But that’s where you’ll find the Lorelei Fountain, at 161st Street and the Grand Concourse. It honors Heinrich Heine, a 19th century German poet who immortalized the mythical creature Lorelei in a poem.
“According to legend, the maiden was transformed into a siren after throwing herself into the [Rhine] river,” states the website for Joyce Kilmer Park, where the statue is located.
“She could be heard singing from a rock along the river, her voice hypnotizing sailors to sleep, and then to their death. The bas-reliefs around the pedestal include a profile of Heine. Other decorative and allegorical motifs include a frog, a bird, and a skull symbolizing mortality.”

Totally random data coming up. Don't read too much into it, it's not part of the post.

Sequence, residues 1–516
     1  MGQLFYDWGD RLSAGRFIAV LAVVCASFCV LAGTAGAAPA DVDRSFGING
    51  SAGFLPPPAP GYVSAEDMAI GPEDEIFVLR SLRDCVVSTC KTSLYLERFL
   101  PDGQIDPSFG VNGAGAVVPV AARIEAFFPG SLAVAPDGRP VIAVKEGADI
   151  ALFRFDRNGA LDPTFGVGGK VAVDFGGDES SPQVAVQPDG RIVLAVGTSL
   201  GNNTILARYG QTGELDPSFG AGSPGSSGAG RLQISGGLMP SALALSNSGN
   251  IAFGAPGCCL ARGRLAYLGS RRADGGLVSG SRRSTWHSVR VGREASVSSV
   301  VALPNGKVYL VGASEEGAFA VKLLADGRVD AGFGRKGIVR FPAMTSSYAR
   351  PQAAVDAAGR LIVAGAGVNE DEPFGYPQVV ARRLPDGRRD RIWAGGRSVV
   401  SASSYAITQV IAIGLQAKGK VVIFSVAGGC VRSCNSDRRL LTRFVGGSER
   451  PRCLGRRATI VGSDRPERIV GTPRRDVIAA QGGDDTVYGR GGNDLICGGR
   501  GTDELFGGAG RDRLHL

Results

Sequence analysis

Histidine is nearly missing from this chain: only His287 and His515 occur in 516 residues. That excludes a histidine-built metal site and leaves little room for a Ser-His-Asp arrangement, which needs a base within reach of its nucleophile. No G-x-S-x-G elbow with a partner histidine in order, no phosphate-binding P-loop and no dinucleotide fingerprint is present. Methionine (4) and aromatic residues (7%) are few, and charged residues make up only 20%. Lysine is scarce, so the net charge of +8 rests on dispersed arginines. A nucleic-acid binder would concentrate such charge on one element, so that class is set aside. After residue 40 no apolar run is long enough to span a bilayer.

The statue, completed in 1893, (above, in a NYPL digital collection photo) wasn’t intended for the Bronx; it was supposed to go up in Heine’s home city of Dusseldorf.
Declined in part because of anti-Semitism (Heine was Jewish), a group of German-Americans purchased the statue and unveiled it in 1899. It was rededicated, and moved a few blocks away, a century later.